This week in history: June 22-28

22 June 2015

25 Years Ago | 50 Years Ago | 75 Years Ago | 100 Years Ago

25 years ago: US space program hit by twin debacles

Hubble space telescope

The US National Aeronautics and Space Administration (NASA) suffered two major setbacks this week in 1990, as a crippling flaw was discovered in the $2.5 billion Hubble space telescope sent into orbit two months earlier, and the space shuttle program had to be grounded because of unexplained hydrogen leaks in two of three shuttle vehicles.

NASA disclosed the flaw on June 27, admitting that fuzzy images produced by Hubble were a result of flawed mirrors, the “eyes” of the giant instrument. The surface of the mirrors had an imperfection called spherical aberration. While the defect was tiny in ordinary terms—less than 4 percent of the diameter of a human hair—the effect on the precise measurements required for astronomical observations was devastating. The mirror was supposed to be engineered to a tolerance of one-sixtieth of a wavelength of light, but the actual deviation was one-third of a wave­length, exceeding the required tolerance by a factor of 20.

Two days after NASA’s announcement of the Hubble flaw, the agency grounded the space shuttle program after hydrogen leaks were discovered on the shuttle Atlantis, which was scheduled to launch a secret spy satellite on June 16. This was the second of the three shuttles that was leaking hydrogen, as the shuttle Columbia had been hangared weeks before when the first leak was detected.

The two failures interacted with each other, as the Hubble space telescope was virtually useless until repairs could be made in its imaging equipment, but these repairs required the maintenance or acceleration of the schedule of shuttle launches. Officials projected that the repairs to the space telescope would not be possible for three years.

The valve on the shuttle where the leak was detected had been found faulty in testing during the early 1980s. In the face of tests that failed all but two of eight costly valves being built for the four space shuttles, NASA responded by redesigning the testing procedure, not the valves, and approving all of them for use, including two later found to be leaking.

The failure of the Hubble telescope also involved testing errors dating back many years. The mirrors were manufactured by Perkin-Elmer Corporation, then owned by a subsidiary of General Motors, Hughes Danbury Optical, according to specifications provided by NASA. Either the specifications or the machining were defective, and an investigation was begun to determine the exact source of the error. Tests on the mirrors over the previous decade never detected the flaw, which first became evident when NASA scientists attempted to focus the giant telescope.

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50 years ago: US ground troops launch first Vietnam offensive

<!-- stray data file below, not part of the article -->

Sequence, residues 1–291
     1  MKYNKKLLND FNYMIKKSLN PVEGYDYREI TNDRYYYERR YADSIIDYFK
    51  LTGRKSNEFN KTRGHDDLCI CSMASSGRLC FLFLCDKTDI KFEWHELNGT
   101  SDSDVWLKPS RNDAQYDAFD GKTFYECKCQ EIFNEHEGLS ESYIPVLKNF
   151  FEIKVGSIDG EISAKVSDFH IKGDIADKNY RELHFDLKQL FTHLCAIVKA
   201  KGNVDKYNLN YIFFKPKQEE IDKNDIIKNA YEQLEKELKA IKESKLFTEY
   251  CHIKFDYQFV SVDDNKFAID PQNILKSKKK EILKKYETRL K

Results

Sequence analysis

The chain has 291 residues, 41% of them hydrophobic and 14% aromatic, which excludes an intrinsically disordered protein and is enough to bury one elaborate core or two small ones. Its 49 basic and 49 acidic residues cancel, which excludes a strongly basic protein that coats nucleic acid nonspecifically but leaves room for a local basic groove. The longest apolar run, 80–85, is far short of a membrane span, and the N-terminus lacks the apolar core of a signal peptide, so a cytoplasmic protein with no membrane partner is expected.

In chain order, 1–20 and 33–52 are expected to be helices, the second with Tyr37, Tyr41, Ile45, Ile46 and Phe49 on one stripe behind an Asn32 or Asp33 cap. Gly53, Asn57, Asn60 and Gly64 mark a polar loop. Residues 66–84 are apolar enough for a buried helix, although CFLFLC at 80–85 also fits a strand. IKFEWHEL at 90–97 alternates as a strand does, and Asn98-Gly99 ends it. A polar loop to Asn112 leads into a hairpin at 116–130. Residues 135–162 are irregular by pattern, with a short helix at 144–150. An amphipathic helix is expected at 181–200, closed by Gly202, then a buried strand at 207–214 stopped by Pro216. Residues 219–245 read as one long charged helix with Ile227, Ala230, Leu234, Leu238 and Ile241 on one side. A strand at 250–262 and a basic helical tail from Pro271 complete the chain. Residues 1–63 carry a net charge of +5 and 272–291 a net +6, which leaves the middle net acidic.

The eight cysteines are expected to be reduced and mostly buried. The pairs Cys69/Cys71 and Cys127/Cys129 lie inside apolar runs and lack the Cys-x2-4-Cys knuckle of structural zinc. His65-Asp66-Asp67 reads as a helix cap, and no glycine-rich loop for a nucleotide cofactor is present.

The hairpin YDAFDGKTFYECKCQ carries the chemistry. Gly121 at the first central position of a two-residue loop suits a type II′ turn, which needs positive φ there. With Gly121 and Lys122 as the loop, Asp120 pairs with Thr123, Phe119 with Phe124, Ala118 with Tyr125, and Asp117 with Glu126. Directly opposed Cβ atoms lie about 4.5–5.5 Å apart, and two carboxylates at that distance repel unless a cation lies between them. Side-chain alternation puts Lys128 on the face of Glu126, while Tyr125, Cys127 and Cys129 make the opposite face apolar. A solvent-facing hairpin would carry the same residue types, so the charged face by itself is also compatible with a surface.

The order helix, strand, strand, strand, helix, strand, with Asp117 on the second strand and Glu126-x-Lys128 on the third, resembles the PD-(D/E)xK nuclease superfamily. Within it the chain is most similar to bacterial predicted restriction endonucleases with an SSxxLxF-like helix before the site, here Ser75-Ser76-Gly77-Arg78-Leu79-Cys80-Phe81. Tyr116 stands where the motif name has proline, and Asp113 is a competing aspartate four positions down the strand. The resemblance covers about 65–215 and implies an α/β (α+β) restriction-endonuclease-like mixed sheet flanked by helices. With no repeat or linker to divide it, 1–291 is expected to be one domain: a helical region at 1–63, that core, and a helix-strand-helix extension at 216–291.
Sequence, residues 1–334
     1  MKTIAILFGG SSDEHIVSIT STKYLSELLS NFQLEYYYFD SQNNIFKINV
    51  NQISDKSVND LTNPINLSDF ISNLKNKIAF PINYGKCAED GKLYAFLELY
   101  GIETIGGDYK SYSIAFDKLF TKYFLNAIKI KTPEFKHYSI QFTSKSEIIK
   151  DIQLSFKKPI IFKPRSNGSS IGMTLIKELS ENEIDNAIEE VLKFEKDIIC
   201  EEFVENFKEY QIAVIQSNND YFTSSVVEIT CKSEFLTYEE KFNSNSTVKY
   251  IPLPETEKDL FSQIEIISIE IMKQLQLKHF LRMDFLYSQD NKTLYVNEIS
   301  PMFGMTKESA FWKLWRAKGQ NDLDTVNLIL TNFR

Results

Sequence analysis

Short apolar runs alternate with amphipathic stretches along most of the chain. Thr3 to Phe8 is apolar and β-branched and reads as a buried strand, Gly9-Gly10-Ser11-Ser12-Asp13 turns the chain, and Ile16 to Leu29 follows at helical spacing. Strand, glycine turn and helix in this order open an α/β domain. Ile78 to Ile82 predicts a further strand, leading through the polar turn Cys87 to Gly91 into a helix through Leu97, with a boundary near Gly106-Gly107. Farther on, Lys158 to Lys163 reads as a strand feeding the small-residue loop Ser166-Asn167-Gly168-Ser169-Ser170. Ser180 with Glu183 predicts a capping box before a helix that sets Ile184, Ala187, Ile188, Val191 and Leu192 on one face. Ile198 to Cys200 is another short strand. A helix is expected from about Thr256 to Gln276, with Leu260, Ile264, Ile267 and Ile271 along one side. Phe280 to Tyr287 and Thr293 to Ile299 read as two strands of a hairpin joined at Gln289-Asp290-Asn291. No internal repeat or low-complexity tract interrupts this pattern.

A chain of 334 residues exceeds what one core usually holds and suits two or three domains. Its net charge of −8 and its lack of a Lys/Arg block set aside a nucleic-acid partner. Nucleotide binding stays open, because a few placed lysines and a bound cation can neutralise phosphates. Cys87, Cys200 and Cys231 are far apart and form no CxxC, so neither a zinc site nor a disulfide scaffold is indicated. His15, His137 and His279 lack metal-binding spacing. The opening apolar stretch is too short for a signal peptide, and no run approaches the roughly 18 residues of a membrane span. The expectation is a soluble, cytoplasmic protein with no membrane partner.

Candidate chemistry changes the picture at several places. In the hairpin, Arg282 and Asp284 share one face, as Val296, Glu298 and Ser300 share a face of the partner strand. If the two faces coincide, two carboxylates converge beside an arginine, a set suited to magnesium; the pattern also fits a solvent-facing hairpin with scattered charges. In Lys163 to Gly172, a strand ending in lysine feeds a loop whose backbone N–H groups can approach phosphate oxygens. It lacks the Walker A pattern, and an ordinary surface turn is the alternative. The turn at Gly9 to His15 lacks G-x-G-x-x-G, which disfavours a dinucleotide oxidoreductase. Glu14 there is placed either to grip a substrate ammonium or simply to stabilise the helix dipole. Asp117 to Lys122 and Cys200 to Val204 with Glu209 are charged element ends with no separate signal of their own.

US soldiers in Vietnam

General William C. Westmoreland, US commander in South Vietnam, ordered the first offensive action by American ground units in the rapidly expanding war. The “search and destroy” operation, as it was called by the US State Department, began on June 28, 1965, and continued for three days.

Paratroopers from the 183rd Airborne Brigade joined troops from the South Vietnamese puppet army and one Australian battalion in an attack in “Zone D,” a dense jungle area controlled by the liberation forces, 20 miles northeast of Saigon. “Zone D” had been a stronghold for the National Liberation Front since the defeat of the French imperialists in 1954. Parts of the area had not been penetrated by government troops in 20 years.

American commanders were frustrated by the same problems that would plague all future offensives. The NLF refused to directly engage the superior imperialist forces, instead falling back into the jungle, inflicting casualties on the advancing US units with mortar and sniper fire. Soldiers moving through the heavy brush suffered casualties caused by simple but effective booby traps, which often consisted of no more than a hand grenade linked to vines and bent twigs. Most importantly, the guerrilla fighters could fade into the population, which was overwhelmingly hostile to the US and its puppet government.

Officers heading the Strategic Air Command meanwhile admitted that earlier saturation bombing by B-52s, which leveled entire square miles of jungle in “Zone D,” did not inflict a single casualty on the enemy, while costing one aircraft shot down.

Westmoreland claimed that the sweep by US forces into “Zone D” came at the request of the South Vietnamese government. He cited the recent decision of President Johnson to officially sanction a combat role for American troops in support of the puppet army as the justification for the operation.